What’s it all about?

Once there was a stable—a dirty, smelly, noisy place. Yet it was a holy place for those with eyes to see, because there God chose to come to dwell on earth with God’s creation.

Some saw…but many passed by, turning their eyes from the dirt, closing their ears to the cry of the baby—wishing the situation would just disappear.

Today there are still dirty, smelly, noisy places. Places where the poor, the dispossessed…the hurting…have found a home, even if only temporarily.

Many of us still pass by, turning our eyes away from the squalor and dirt…closing our ears to the cries of children—God’s children.

And when we do, we fail to see those holy places where God intersects with us.

We are so certain of our knowing where God is—yet God meets us in unexpected times, unexpected places.

So open our eyes, God, to see you in those unexpected places…those people we might want to turn away from…those situations we don’t want to have to deal with, that we wish would just go away.

Open our ears, God, to hear you in the mewling cries of children whose stomachs are empty…the anguish of parents who cannot provide…the cries of those who are abused, fearful of the future…those who have lost loved ones.

Then—only then—will we understand what Christmas is all about—the hope of a new world created when we truly allow God to dwell among us. Not just two thousand years ago, but now. Today…in this moment, this place.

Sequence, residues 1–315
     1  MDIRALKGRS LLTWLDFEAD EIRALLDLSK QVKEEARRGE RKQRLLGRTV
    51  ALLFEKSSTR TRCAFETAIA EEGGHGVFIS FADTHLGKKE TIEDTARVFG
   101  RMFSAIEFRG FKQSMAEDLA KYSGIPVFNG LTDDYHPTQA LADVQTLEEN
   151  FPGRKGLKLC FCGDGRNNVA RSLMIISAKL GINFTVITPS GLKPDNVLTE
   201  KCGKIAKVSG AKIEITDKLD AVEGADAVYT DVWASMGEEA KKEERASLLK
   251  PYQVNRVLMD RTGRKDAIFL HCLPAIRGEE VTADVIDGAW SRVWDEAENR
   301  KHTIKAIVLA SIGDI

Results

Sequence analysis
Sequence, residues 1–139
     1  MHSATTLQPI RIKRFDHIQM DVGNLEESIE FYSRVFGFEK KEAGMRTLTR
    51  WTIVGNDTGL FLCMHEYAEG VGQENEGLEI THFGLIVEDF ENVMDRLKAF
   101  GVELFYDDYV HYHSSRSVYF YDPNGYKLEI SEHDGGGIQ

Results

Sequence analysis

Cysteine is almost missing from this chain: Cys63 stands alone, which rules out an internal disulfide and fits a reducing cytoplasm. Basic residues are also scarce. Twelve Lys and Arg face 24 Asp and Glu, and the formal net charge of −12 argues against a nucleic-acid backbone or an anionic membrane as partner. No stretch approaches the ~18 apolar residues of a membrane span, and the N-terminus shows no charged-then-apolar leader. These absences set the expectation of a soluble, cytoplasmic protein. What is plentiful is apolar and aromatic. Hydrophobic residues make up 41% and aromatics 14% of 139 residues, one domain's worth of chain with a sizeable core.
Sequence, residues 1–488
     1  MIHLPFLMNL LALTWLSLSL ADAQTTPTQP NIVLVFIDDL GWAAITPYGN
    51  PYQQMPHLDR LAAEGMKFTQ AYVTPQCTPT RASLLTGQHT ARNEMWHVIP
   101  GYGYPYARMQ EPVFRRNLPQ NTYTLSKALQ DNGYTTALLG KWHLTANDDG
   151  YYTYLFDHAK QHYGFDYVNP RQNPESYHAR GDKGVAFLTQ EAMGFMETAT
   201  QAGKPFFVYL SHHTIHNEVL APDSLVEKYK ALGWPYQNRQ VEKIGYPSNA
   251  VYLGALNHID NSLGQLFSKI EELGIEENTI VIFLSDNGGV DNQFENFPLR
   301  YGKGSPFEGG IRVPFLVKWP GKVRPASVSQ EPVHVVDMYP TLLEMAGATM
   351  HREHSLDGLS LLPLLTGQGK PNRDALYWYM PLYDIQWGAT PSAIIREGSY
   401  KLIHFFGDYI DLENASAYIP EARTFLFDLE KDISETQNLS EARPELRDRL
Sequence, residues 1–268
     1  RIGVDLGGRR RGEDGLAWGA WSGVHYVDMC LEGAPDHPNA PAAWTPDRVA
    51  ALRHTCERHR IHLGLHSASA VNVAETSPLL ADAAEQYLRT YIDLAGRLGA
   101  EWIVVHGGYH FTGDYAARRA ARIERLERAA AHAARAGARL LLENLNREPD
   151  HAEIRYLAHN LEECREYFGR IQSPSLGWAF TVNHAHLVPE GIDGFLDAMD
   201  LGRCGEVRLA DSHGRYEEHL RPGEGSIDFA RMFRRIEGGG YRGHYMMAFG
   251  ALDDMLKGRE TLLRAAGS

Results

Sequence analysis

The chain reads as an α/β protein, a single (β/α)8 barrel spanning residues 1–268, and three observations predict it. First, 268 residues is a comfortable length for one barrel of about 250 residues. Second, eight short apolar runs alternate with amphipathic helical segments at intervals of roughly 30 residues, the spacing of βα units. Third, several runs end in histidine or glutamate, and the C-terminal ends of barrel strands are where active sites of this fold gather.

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“You have to believe in yourself…”

We went to see the new Muppets movie last weekend. I love the Muppets…love the craziness…but also the messages that they share in their stories, messages that are so important!

I don’t want to spoil the movie for anyone who hasn’t seen it yet (and I’d really, really encourage you to go!)…but the story is a simple one. A rich oilman has bought the Muppets theatre to supposedly turn it into a museum, but he really plans on tearing it down to drill for oil underneath it. Walter–a young “Muppet” whose heroes are the traditional Muppets–overhears the plan while he’s inside Kermit’s old office on a tour with his brother and girlfriend, and they track down Kermit to see what can be done. In order to save it, Kermit has to pull the old gang together from the various places they’ve gone–and they have to do put on a telethon to raise $10 million.

Since this is the Muppets after all, there are all kinds of challenges.

At one point, Walter is encouraged to perform with them, and he’s terrified. But his brother tells him “You have to believe in yourself.” That’s so easy to say to someone else–and so hard to really mean for yourself.

There’s another song in the show that says “Everything you need is right in front of you.” If we only let our eyes be open…

Those two lines have stayed with me the last several days, partially (I think) because of another book I’ve been reading about living your dreams–and not letting someone/something else kill them.

And I’ve been thinking about a dream I had when I was in high school/college…a dream about being a writer and/or editor. It wasn’t a dream that got a lot of encouragement…it wasn’t a “practical” goal to aim for. So I put it aside–let it die, I thought.

But dreams that are an essential part of you never really die. Oh they may hide for a while…perhaps even a very long time…hide so deeply that you’re not sure they’re even still around. But they’ll find ways of continuing to come around.

My dream has pushed its way back up. I’m not sure where it’s going, but it won’t leave me alone. So I’ve started nurturing it again, trying to do what Walter did…to believe in myself.

“Feed my sheep”